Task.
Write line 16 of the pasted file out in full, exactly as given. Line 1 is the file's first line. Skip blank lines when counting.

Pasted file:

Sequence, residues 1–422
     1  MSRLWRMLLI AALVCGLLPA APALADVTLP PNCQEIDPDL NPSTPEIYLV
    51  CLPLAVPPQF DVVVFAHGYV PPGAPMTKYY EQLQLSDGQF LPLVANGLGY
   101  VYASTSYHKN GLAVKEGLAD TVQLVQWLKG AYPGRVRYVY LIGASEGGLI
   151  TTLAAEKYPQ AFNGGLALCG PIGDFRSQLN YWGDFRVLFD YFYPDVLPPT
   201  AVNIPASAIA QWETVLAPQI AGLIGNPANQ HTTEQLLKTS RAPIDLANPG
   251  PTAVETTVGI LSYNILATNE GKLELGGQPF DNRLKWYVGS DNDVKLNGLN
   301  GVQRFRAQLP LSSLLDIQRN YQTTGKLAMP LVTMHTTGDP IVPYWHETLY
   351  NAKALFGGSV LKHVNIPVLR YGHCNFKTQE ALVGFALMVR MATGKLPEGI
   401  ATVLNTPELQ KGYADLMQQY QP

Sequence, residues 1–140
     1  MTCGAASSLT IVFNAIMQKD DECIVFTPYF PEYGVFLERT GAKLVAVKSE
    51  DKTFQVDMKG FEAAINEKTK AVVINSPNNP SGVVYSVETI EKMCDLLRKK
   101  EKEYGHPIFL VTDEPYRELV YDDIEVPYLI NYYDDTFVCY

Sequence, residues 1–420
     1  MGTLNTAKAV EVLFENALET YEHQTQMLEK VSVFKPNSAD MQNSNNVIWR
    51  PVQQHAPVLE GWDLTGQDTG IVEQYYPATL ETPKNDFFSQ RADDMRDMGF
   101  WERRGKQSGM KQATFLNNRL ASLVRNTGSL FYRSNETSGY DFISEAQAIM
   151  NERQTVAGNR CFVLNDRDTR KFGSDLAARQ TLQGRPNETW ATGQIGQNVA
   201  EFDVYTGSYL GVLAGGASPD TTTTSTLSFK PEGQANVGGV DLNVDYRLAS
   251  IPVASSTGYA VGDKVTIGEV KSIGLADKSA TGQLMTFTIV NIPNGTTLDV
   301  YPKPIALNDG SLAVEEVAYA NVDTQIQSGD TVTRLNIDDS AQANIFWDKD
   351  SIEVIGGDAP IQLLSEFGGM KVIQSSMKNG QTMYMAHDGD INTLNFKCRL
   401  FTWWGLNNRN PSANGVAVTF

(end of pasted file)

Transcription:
     1  MGTLNTAKAV EVLFENALET YEHQTQMLEK VSVFKPNSAD MQNSNNVIWR